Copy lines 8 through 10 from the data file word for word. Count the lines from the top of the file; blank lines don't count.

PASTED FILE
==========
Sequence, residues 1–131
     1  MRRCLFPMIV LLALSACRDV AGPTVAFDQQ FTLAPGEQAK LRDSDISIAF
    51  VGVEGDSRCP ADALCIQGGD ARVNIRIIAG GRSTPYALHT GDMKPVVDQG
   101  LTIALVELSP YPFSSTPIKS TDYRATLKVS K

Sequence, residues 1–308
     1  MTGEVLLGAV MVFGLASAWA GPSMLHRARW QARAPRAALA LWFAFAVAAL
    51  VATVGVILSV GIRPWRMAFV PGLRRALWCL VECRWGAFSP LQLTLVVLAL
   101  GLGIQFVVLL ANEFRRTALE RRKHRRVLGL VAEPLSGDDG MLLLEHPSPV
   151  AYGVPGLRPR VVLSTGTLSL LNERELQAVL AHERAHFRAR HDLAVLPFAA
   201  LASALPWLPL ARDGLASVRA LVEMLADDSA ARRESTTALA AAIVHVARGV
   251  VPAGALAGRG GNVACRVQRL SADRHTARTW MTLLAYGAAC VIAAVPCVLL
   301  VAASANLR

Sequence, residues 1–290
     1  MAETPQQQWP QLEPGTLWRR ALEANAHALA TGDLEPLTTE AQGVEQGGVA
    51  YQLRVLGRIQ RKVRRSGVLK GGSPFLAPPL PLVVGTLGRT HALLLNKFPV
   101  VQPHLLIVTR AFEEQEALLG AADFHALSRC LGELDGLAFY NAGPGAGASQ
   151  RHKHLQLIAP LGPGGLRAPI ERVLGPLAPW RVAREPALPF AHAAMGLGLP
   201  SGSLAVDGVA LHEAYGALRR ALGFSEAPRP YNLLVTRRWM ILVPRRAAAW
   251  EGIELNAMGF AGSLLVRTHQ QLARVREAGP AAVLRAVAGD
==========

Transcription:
   101  GLGIQFVVLL ANEFRRTALE RRKHRRVLGL VAEPLSGDDG MLLLEHPSPV
   151  AYGVPGLRPR VVLSTGTLSL LNERELQAVL AHERAHFRAR HDLAVLPFAA
   201  LASALPWLPL ARDGLASVRA LVEMLADDSA ARRESTTALA AAIVHVARGV